Memoirs of a geisha is a novel by Arther Golden, published in 1997 and then a movie release in 2005.
The story is about a geisha of Kyoto before World war II.
Readers experience the entire life of a geisha, from her origins in the fishing-village of Yoroido (fictional name) on the coast of the Sea of Japan. She is an orphaned girl in 1929 to her triumphant auction of her mizuage (virginity) for a record price as a teenager to her reminiscent old age as the distinguished mistress of the powerful patron of her dreams. We discover that a geisha is more analogous to a Western "trophy wife" than to a prostitute--and, as in Austen, flat-out prostitution and early death is a woman's alternative to the repressive, arcane system of courtship. In simple, elegant prose, Golden puts us right in the tearoom with the geisha; we are there as she gracefully fights for her life in a social situation where careers are made or destroyed by a witticism, a too-revealing (or not revealing enough) glimpse of flesh under the kimono, or a vicious rumor spread by a rival "as cruel as a spider."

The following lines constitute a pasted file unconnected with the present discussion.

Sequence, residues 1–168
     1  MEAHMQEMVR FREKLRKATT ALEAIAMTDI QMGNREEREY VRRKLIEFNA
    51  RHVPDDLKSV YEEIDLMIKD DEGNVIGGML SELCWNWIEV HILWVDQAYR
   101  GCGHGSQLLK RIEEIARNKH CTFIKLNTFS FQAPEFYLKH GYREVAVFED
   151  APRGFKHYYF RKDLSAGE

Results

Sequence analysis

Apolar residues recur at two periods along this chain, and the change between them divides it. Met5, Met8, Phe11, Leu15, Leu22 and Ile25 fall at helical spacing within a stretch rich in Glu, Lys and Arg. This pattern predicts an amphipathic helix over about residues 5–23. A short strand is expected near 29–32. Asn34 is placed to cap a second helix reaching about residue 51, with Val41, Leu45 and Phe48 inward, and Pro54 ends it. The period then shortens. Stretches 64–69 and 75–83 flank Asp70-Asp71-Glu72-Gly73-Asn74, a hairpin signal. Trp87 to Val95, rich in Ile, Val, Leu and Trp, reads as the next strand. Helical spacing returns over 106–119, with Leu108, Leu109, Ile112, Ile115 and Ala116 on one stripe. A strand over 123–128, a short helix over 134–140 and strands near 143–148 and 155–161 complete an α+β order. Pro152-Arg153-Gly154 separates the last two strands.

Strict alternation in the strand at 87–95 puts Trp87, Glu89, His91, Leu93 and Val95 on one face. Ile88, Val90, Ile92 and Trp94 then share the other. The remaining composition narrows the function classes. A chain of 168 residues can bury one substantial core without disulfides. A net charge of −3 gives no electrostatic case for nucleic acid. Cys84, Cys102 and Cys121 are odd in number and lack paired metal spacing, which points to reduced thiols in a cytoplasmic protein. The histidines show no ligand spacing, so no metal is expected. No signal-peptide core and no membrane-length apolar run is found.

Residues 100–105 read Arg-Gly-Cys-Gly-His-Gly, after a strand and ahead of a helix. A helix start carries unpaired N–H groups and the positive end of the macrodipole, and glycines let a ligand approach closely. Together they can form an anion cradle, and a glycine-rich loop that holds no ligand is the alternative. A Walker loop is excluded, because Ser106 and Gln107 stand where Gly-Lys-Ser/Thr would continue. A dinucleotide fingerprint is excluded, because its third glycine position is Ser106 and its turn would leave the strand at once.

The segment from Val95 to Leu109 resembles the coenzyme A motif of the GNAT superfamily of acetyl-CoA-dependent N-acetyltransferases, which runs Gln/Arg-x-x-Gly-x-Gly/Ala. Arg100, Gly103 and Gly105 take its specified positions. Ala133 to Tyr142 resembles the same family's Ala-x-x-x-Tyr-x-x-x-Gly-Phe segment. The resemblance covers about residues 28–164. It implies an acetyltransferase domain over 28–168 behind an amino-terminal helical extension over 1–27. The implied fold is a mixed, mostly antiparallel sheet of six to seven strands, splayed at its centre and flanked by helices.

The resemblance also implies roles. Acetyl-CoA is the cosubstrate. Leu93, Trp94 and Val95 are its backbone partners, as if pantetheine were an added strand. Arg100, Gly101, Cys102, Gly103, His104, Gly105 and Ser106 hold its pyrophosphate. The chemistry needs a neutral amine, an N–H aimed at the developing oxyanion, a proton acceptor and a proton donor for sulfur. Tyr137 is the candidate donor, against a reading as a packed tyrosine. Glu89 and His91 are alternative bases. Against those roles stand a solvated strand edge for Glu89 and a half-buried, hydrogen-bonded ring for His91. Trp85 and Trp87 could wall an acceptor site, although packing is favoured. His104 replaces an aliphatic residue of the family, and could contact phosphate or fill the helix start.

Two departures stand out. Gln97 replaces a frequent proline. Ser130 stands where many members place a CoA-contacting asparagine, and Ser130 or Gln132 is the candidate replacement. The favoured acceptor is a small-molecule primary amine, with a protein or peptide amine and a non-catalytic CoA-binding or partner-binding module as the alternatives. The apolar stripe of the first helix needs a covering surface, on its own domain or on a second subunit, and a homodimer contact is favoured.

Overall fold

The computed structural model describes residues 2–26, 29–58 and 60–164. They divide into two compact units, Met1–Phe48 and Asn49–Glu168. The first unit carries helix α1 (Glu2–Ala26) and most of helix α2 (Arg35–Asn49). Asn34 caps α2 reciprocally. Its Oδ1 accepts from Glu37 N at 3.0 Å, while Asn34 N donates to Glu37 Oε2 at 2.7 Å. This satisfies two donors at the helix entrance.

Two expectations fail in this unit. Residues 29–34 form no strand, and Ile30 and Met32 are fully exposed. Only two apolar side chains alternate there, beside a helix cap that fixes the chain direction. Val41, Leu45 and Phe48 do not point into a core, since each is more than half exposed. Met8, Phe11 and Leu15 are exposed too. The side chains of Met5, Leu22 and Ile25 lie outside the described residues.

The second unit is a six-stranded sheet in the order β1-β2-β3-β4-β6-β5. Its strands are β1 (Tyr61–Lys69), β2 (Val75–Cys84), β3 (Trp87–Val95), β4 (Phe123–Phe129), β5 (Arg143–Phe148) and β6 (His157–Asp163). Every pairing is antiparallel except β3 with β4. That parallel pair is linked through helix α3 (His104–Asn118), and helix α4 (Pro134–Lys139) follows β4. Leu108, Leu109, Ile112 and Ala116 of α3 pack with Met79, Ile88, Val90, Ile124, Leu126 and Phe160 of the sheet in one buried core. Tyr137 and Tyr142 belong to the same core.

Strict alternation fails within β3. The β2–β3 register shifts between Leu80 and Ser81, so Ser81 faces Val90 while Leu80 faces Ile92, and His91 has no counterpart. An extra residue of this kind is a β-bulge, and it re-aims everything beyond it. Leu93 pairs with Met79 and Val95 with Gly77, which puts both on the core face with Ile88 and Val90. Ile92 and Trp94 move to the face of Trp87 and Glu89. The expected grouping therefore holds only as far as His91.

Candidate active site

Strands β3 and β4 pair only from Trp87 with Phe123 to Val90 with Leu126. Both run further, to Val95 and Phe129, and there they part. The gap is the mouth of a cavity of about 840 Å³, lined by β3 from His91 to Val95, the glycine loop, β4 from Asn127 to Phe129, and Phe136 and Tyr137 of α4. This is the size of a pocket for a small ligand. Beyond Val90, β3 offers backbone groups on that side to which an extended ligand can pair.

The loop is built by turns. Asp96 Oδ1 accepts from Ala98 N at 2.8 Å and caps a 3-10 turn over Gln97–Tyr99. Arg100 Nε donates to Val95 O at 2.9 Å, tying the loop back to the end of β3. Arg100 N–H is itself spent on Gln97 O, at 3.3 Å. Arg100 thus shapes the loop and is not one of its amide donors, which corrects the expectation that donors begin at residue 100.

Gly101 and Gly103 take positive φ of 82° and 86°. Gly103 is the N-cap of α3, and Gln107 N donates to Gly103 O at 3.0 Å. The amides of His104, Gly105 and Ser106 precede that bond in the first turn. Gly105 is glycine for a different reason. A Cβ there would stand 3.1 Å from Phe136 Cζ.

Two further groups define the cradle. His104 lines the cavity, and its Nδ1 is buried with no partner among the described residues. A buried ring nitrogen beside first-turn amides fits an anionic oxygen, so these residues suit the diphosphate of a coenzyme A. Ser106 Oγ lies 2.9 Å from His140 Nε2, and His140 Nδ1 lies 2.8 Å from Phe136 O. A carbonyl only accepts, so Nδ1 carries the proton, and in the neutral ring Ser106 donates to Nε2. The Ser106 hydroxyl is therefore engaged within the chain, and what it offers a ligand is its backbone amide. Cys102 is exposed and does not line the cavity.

In 2005, the novel was adapted by Robin Swicord for a movie directed by Rob Marshall. The film was awarded 3 Oscars, one for the 'Best Achievement in Art Direction', one for the 'Best Achievement in Cinematography' and one for the 'Best Achievement in Costume Design'.
After the Japanese edition of Memoirs of a Geisha was published, Arthur Golden was sued for breach of contract and defamation of character by Mineko Iwasaki, a retired geisha he had interviewed for background information while writing the novel. The plaintiff asserted that Golden had agreed to protect her anonymity, due to the traditional code of silence about their clients, if she told him about her life as a geisha. However, Golden listed Iwasaki as a source in his acknowledgments for the novel.
In 2003, Golden's publisher settled with Iwasaki out of court for an undisclosed sum of money.
Iwasaki later went on to write her own autobiography, an account vastly different from Arthur Golden's novel, published as Geisha, A Life in the U.S. and Geisha of Gion in the UK.